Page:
Today, the entire town of Greenville converged upon its only two paved roadways in anticipation of the biannual turf war between the marching bands of Greenville and Cairo High. Mr. Benedict, long time marshal and recent veteran of the Greenville division, was even spotted among the crowd. “Why they continue to hold these…it`s almost sick. I was so close to convincing them to spare the town this year, but they took it so personally when we broke their gym…” He remarked. Turning his gaze on his replacement and taking in the fresh-faced hopefulness, Benedict added, “I just hope for our sake they make it quick.”
The preamble to the fight was in all outwardly actions as peppy and jovial as ever, but it was behind those plastered smiles and glittery decorations that it was evident they were anticipating the slaughter to come. An armed militia stood at the ready, but even they were aware of the powerlessness of their guns in matters such as these.
Greenville rounded the hill first, flags at the ready, putting on a brave face for the crowd. The town pretended not to notice their trembling fingers and uncomfortable stances, or the fact that many of the students were blatantly too disturbed by Cairo scare tactics to play. The band clung to the illusion of being able to read their music, and the flute players pretended not to feel the icy stab of their metal music holders digging into the flesh around their necks. However, it was clear this charade was not going to hold much longer. Even the fresh faced marshal was beginning to sense the oncoming storm, and as the blue and white figures appeared over the horizon, his whistle blowing became more erratic, his prancing more of a restrained retreat.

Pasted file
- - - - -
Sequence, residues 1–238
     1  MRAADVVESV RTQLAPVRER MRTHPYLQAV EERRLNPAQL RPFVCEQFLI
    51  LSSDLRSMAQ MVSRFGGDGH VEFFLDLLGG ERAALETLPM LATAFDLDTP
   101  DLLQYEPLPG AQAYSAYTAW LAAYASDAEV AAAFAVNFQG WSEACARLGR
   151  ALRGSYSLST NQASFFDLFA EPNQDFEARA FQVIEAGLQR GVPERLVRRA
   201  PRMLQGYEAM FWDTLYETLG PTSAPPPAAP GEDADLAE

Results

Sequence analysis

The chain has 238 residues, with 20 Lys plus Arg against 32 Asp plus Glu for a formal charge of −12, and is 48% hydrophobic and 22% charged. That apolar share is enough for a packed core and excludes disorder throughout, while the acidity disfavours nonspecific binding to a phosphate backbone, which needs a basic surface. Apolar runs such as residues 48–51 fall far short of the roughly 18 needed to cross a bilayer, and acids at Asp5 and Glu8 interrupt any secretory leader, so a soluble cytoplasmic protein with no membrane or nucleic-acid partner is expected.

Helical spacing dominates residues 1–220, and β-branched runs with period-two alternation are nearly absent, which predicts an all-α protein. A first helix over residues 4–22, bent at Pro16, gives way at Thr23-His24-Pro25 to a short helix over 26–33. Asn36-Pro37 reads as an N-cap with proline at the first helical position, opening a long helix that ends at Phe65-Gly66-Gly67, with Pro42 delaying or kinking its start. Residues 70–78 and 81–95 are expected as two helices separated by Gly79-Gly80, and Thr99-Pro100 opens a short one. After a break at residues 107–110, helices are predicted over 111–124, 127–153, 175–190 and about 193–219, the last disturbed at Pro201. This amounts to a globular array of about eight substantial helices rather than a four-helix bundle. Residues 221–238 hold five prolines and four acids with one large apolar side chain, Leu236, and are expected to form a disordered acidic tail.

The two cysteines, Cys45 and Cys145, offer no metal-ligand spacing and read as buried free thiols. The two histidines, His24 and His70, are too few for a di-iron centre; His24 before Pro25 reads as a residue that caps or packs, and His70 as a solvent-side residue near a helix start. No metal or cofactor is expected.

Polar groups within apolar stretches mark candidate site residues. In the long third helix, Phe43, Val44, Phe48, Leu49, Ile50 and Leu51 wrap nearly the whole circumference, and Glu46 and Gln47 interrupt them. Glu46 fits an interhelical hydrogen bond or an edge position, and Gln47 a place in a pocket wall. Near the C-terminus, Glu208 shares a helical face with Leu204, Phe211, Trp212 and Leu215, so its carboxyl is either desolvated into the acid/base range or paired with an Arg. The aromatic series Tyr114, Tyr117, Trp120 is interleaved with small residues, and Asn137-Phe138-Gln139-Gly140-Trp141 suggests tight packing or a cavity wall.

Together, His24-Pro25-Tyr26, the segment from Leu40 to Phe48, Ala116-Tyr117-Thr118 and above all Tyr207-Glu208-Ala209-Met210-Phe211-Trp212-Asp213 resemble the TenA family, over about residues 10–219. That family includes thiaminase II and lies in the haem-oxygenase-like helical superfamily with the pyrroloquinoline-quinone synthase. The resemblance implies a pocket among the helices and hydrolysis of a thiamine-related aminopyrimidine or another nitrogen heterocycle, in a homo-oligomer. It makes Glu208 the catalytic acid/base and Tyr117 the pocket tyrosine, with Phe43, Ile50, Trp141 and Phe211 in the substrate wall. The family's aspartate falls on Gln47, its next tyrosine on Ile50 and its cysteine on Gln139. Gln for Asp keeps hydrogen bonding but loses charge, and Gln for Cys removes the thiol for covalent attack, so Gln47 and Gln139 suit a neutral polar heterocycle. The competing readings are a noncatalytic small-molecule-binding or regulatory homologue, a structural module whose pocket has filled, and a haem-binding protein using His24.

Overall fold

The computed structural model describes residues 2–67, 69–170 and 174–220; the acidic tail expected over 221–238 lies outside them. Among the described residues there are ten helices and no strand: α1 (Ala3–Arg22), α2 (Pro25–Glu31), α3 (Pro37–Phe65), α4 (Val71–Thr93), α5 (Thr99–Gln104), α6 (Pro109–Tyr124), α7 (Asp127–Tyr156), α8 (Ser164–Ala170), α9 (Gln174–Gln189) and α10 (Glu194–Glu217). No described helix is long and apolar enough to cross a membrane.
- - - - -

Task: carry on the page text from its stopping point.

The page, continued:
Then, all at once, Cairo was upon them, an unstoppable wave of sleek uniforms, at least double in numbers and triple in volume. A terrified hush passed through the crowd. Greenville`s tiny blue cornet was nothing in comparison to the electric guitar, with amp in tow, that rounded out Cairo’s force. A fully grown man was tucked in among the band, hammering away on the drums, just because he knew no Greenvillian would dare step up to challenge him.
As Greenville regrouped for round two, retrieving any wind-napped music and attempting regulate their breathing, their competition ascended through the town square, forcing smiles and cheers with music that was just short of them shouting “Dance, peasants, dance!”
The Greenville band reluctantly trudged on to their final stand. With drooping flags, even their once optimistic marshal only offered a small tweet of his whistle. Not tired at all, the Cairo infantry strode on, pulling out all the stops. They had, after all, conquered the streets of Manhattan just days before. With such a snide strut and knowing glances… it was obvious they considered this their victory lap. Greenville`s fire department followed in their wake, called on the scene after Cairo arrived in order to, reportedly, “cool them down”.
Once again, Cairo was crowned champion.Their triumphant farewell left the promise -or, rather, threat- of a return in late May, much to the onlooking crowd`s dismay. Greenville`s new band leader had been able to scrounge them up a small victory, however; taking a page out of his predecessor’s book, the entire band had been clothed in the ancient, shapeless blobs of ratty maroon, clearly making the statement that Cairo could not take their pride, as they had already decimated it themselves.